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Rockwell : The Surprising Discovery of a Lost Photographic Legend


Is there a greater pleasure than discovering a new artist?
A greater motivation for collectors than accompanying and monitoring discoveries?
So imagine when it comes to an American artist from the 1930s, contemporary of Man Ray and friend of the greatest fashion designers. His name : Rockwell.

Imagine the surprise when the photographer’s granddaughter arrived with a suitcase full of magnificent proofs, meticulously processed on high-quality paper. Each print had no fewer than seven different stamps of this photographer, whose works had never been seen before. Yet, after months of research, it was revealed that he was quite renowned in his era. His work featured on the cover of Time Magazine with a portrait of Elsa Schiaparelli in 1934.

His photographs also appeared in esteemed English publications like The Sketch and The Sphere. Notably, he spearheaded the first advertising campaign for Coca-Cola in Paris in 1931.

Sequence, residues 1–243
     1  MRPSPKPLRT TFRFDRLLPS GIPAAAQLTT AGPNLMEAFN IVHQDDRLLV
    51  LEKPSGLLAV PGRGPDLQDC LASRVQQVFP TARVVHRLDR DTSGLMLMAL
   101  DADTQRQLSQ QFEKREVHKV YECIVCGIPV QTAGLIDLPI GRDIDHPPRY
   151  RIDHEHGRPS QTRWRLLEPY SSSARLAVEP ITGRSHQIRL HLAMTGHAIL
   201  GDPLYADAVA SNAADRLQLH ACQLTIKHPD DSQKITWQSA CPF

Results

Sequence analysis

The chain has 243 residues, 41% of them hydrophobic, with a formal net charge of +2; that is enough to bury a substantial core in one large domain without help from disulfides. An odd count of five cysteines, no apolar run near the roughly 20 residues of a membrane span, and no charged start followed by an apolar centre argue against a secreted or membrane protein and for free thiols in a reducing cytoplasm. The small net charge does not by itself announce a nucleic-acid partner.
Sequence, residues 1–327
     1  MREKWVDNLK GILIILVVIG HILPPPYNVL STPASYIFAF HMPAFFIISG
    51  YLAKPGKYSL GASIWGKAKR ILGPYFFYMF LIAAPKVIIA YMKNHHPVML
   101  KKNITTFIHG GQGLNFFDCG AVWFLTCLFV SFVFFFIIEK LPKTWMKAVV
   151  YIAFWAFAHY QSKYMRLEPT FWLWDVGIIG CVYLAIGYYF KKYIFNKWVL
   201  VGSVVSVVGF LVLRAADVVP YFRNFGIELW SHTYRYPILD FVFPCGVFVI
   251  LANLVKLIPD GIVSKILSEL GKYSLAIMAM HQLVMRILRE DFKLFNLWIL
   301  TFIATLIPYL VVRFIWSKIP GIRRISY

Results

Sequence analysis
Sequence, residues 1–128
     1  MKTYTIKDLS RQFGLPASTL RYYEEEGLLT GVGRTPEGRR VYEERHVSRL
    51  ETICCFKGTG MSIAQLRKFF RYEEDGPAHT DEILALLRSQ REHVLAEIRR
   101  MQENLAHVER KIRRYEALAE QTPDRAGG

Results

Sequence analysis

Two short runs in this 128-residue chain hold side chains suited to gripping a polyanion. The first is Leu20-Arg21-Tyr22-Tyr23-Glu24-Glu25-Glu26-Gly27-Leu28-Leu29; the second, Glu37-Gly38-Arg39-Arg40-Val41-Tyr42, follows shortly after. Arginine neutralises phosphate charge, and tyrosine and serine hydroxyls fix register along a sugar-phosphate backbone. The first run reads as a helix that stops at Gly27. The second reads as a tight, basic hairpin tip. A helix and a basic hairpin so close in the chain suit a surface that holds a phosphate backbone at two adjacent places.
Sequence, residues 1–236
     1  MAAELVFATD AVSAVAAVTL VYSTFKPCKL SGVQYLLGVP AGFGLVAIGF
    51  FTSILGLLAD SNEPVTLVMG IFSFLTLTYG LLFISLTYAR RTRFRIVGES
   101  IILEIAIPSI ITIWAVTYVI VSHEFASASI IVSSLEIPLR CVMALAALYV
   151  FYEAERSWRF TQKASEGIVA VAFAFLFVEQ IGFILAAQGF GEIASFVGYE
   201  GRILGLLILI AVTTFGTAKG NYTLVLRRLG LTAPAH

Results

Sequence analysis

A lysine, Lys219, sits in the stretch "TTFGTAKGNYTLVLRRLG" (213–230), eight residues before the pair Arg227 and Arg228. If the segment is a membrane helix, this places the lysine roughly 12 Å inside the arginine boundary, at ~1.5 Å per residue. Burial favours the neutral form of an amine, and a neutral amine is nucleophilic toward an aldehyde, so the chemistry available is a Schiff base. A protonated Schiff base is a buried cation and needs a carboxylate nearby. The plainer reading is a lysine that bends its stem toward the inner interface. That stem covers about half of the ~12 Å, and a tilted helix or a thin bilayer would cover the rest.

How could such a distinguished artist become so obscure? The answer lies in the crisis of 1934. It led our photographer to abandon the luxurious photographic papers that would delight museums and collectors, papers known for their thick texture and magnificent contrast, in favor of more modest and economical options.

Moreover, perhaps due to the crisis or personal reasons, he returned to America around 1935, leaving nothing behind in Paris except a small suitcase of these prints. He seldom spoke of his Parisian past and rebuilt his family and professional life in the United States.

The 150 prints, all previously unseen, are set to be fully presented at an auction this June by Art Research Paris.

Serge Plantureux

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